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Harvesting Alaska: The growing need for young farmers

By Lauren Maxwell 6:29 AM July 18, 2016

The manager of a Palmer Farm says Alaska needs to attract a younger generation to farming, a field that is rapidly aging, especially as the demand for local food continues to grow.

Megan Talley says the typical Alaskan farmer is someone in their late 50s.

“I think it’s 58, 59? That’s the average age,” said Talley. “There’s just not a lot of young people coming in.”

Talley manages Spring Creek Farm, a farm operated by Alaska Pacific University. One of their missions is to get young people interested in learning the basics of modern farming.

“We have to be business people, we have to know how to market, we’ve got to know the specifics of how to grow,” said Talley. “Which you could spend a lifetime learning how to do.”

In this case, students and interns spend a season at the farm. They learn to grow and harvest vegetables and get them ready to sell at market. But it’s more than that. Mackenzie Stamey is spending her second summer at the farm. First as an intern, now as a paid staff member. For her, food security is a major issue.

“We are highly dependent on bringing food from the Lower 48 and around the world. And I think we would be more resilient as a state if we had more farmers, especially young farmers,” Stamey said.

After a stint in the Peace Corps, she plans to come back to Alaska and make agriculture a career.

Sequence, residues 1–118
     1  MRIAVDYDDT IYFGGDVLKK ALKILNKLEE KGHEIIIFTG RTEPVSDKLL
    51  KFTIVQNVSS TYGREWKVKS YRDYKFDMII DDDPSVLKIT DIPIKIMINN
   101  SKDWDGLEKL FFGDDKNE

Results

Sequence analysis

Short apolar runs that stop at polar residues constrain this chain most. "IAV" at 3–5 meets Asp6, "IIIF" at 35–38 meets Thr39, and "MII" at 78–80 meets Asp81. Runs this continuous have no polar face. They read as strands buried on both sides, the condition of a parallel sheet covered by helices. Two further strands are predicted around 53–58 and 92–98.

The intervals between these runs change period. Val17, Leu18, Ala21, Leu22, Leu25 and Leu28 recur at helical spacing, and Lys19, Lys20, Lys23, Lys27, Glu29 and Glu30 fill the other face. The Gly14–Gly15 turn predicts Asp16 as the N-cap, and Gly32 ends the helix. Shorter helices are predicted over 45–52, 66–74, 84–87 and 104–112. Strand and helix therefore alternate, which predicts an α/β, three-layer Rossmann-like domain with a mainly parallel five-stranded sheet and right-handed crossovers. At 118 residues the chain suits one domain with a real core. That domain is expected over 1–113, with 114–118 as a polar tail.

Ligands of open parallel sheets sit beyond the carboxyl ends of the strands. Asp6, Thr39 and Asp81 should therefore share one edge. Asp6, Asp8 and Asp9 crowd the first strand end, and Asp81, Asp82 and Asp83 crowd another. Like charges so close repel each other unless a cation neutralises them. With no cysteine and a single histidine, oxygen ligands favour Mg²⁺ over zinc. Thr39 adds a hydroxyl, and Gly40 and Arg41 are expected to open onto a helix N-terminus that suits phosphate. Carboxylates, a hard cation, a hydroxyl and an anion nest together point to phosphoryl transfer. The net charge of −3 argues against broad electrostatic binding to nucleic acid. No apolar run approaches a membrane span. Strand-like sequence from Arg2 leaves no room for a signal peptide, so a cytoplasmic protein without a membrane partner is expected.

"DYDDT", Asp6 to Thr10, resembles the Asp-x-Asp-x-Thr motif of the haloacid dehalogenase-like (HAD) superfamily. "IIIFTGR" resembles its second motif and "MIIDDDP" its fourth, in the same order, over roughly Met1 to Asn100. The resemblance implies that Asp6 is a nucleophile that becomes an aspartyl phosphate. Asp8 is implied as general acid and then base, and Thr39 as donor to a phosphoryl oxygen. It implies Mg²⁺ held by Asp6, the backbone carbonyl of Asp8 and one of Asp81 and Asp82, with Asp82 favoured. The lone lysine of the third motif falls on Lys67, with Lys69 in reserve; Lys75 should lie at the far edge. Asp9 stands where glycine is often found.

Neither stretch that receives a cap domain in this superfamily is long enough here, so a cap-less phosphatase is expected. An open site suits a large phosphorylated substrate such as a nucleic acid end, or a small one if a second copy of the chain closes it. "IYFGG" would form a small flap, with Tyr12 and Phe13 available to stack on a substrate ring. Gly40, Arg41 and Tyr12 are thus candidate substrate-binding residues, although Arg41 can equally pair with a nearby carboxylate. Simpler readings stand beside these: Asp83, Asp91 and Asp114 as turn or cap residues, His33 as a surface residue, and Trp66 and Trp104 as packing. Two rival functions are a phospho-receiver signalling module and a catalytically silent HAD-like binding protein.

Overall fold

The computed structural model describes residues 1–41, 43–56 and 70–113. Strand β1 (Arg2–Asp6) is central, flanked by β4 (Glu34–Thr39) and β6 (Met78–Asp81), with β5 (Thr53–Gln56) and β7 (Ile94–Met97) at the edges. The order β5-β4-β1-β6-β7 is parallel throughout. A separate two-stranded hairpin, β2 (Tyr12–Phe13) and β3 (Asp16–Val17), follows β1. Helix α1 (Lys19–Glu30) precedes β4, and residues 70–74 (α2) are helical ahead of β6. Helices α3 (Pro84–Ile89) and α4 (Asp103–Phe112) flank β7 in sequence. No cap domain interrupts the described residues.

But while getting young people like Stamey excited about farming is definitely an important goal, Talley said it’s not the only one.

“Not everyone who comes through here is going to want to go away and be a farmer,” she said. “And that’s OK, because they’ll be better consumers. They’ll know more about food policy, they’ll understand the bigger system.”

And hopefully, according to Talley, have a deeper appreciation of what’s involved in filling Alaska’s growing appetite for eating local.

Spring Creek Farm is still offering CSA subscriptions. You can also find their produce at the APU farmers market every Thursday from noon to 6 p.m.

Lauren Maxwell can be reached at lmaxwell@ktva.com.

Harvesting Alaska is an ongoing series exploring all the ways Alaskans live off the land. 

Read more

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Garden to bowl, a soup kitchen nourishes the hungry

CSAs offer fresh, healthy produce and convenience

High tunnels protect environment, spur sustainability in the Last Frontier

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